Friday, March 26, 2010

Enabling ssh-agent for password-less ssh login on KDE/Gnome

So one of the things that had been bothering me was ssh'ing into remote machines with keys that had passwords. I wanted to use ssh-agent so that I would not have to type in my password. Trouble was that I couldn't figure out how to do it on my KDE desktop so that every time I opened a new shell the ssh-agent would be active. Everything I'd previously read talked about executing the command:
  ssh-agent bash
...but this only starts the agent for the shell started and any child processes of that shell. Consequently, every shell opened has its own ssh-agent and you have to do a ssh-add on each shell, typing in your password each time.

Well here is how to do it

start-ssh-agent script

if [ -f ~/.ssh/ssh-agent.env ]; then
  #echo "Agent already started"
  #I just needed something above so the then was a valid statement there a noop in bash?
  ssh-agent > ~/.ssh/ssh-agent.env
  #we need to delete the echo from the source script since some
  #commands like scp and ssh hate it when .cshrc echos stuff out
  sed -e '/echo/d' ~/.ssh/ssh-agent.env > ~/.ssh/ssh-agent2.env
  mv ~/.ssh/ssh-agent2.env ~/.ssh/ssh-agent.env
  . ~/.ssh/ssh-agent.env
  #echo "Agent started"

Basically this script executes ssh-agent, captures the output that specifies the environment variables and writes them to a file for future reference from future shells. It then executes ssh-add to prompt you to enter the passwords for the private keys.

stop-ssh-agent script

if [ -f ~/.ssh/ssh-agent.env ]; then
  . ~/.ssh/ssh-agent.env > /dev/null
  rm ~/.ssh/ssh-agent.env
  echo "Agent stopped"
  echo "Agent is not running"

Then in ~/.bashrc file you add the following:

if [ -f ~/.ssh/ssh-agent.env ]; then
        . ~/.ssh/ssh-agent.env

...this basically means...
if the ssh-agent.env file exists
  source it so that the environment vars point to the ssh-agent process running.
  run the script to start the ssh-agent and prompt for the passwords for any keys

This is not perfect and you need to be careful if you are doing agent forwarding into the box but for most general cases this works.

Sunday, February 21, 2010

Good and bad: NUFC promotion to Premiership

Over the past year my Newcastle United RSS feed has been very different to the year before. We've only lost 4 times away and the results have often been 3-0, 4-1, etc Its been a joy to read the news. However, that good feeling that I get on a Monday morning is going to change with promotion back into the Premiership. Honestly, I've got mixed feelings about promotion now that I am so used to hearing good news and the most we can seem to hope for is solid middle table performance in the Premier League.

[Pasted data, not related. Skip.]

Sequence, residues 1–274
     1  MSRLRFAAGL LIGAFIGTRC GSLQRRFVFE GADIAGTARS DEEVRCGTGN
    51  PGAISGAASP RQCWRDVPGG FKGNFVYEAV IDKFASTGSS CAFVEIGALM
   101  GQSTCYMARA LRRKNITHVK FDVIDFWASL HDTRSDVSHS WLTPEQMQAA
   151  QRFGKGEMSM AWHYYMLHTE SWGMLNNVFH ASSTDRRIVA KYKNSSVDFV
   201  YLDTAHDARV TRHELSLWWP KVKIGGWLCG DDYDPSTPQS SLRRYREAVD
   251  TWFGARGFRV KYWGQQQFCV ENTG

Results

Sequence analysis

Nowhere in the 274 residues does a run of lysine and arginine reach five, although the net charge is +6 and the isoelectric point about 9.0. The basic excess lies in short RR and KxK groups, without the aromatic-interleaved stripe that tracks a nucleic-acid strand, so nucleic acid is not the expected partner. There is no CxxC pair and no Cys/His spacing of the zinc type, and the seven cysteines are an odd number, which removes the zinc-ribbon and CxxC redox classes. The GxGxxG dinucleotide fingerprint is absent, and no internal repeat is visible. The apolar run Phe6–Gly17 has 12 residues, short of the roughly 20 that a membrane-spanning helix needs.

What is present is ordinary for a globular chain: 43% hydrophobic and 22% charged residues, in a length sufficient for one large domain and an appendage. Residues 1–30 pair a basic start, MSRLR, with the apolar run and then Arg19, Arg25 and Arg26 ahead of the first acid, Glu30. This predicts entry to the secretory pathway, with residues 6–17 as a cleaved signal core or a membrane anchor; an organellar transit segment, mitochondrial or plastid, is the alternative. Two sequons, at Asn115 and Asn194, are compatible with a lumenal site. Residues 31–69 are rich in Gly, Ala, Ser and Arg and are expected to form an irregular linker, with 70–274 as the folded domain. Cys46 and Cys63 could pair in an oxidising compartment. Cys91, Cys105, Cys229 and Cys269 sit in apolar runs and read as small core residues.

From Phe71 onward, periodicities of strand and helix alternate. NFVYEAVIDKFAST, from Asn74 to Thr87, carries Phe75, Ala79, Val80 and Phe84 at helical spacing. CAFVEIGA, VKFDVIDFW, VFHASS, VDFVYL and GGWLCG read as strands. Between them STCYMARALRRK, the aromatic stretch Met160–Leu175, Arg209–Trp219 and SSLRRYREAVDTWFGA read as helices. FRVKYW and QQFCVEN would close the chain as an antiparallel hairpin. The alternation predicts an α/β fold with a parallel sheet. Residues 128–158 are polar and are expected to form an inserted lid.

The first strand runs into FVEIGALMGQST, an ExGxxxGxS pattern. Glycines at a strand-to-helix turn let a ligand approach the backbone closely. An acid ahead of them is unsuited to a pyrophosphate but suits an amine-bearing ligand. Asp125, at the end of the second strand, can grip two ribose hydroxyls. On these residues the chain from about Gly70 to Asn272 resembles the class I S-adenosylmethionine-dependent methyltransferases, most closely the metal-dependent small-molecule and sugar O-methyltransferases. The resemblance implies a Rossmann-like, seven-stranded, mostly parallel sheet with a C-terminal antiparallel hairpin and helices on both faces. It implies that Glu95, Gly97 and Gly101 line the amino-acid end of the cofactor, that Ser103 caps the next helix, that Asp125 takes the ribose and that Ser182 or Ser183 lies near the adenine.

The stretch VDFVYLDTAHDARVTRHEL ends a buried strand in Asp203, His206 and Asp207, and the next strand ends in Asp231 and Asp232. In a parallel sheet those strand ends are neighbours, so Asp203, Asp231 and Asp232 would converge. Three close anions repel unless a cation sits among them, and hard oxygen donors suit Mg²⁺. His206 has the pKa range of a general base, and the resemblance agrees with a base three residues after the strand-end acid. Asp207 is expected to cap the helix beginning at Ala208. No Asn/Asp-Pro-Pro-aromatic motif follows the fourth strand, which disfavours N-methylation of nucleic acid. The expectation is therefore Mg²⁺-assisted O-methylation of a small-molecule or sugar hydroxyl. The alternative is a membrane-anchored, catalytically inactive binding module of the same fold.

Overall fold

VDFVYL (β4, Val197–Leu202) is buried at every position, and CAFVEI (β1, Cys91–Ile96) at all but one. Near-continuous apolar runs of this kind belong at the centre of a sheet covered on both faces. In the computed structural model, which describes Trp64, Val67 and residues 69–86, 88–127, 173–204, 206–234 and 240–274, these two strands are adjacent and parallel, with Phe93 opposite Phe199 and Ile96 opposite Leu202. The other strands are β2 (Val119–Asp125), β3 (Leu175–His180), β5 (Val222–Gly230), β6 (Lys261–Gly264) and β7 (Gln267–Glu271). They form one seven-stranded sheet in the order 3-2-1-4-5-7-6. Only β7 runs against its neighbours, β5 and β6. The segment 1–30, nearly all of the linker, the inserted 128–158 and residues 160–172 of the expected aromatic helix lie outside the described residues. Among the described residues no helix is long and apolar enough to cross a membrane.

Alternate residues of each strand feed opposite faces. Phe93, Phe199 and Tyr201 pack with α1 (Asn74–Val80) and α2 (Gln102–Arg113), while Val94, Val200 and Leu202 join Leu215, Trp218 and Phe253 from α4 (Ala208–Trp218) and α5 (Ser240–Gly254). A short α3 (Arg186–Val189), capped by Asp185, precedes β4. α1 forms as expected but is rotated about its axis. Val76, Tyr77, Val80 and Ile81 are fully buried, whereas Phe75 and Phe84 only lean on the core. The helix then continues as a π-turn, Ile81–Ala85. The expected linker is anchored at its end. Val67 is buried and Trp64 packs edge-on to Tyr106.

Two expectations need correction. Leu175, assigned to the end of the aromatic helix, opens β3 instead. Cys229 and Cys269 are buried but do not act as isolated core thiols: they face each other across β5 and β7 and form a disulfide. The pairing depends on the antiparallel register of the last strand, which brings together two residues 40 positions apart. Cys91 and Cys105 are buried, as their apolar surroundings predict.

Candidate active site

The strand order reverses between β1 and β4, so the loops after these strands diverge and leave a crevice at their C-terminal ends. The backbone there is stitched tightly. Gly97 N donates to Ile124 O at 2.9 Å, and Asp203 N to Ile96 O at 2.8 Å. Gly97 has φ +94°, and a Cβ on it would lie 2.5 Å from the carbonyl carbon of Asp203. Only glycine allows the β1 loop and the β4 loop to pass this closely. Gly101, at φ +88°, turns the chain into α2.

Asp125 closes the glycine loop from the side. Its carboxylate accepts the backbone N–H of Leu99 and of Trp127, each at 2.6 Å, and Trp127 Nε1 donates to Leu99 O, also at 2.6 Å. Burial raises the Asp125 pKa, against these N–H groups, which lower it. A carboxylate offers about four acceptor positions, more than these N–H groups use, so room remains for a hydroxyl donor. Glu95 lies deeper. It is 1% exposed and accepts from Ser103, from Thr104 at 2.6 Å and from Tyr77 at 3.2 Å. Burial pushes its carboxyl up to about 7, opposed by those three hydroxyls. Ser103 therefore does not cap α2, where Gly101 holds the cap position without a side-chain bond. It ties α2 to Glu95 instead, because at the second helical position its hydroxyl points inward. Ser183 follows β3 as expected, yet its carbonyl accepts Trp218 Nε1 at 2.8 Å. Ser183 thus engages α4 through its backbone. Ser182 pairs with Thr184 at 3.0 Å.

Tuesday, December 01, 2009

Book Review - Wicket In Action by Manning

I just finished reading Wicket in Action by Manning. The book is well laid out; I particularly liked how the simple example web site (cheesr) is grown through the book in line with the topics of the chapter. In addition to the stuff that you expect (such as how to work with/customize components, models, etc) there is also good coverage of important topics like I18N, testing, integration with frameworks like hibernate and spring, and integration with JavaScript engines (other than the wicket JavaScript engine).

Regarding Wicket itself: I really like this framework (we use it in my current team and it produces nice UIs that are pretty easy to maintain and change). Why do I like Wicket? Well for the following reasons:
  1. Its Java based, and since I'm strongest in Java it suites me. 
  2. There is a nice separation between the UI in HTML/CSS/JS and the java code that backs it. This clear separation between the presentation/design aspect and the coding is useful because it separates along the common skill groups. JavaFX (can you say "designer/developer workflow") may change my opinion on this but right now I see advantages over say the JSP approach. 
  3. Testing is well covered (with WicketTester) over and above just using something like Selenium (also mentioned in the book). 
  4. The AJAX support seems solid and flexible. It even leaves you open to using other 3p JavaScript frameworks for your fancy UI components. In particular there is lots of support for request/response queues and falling back to full page refreshing that is particularly attractive.     
I suspect (but cannot confirm) that Swing programmers will really like Wicket.

BTW...I love manning books. The fact that you can get a free ebook when you purchase the print copy is excellent and in general everything I read from the publisher is superb.

Checkpoint VPN Client Tray Icon to get back

One of the issues I sometimes have is that the Checkpoint VPN Client Tray Icon (the yellow key) sometimes disappears from my windows xp start bar. If I try to re-run checkpoint it says its already started. I just found out how to get it back without restarting my laptop - kill the SR_GUI.exe process. Things will automatically restart and the tray icon re-appears again.
BTW...I hate Checkpoint VPN...compared to Cisco VPN its an unstable horrific piece of software. I guess you get what you pay for.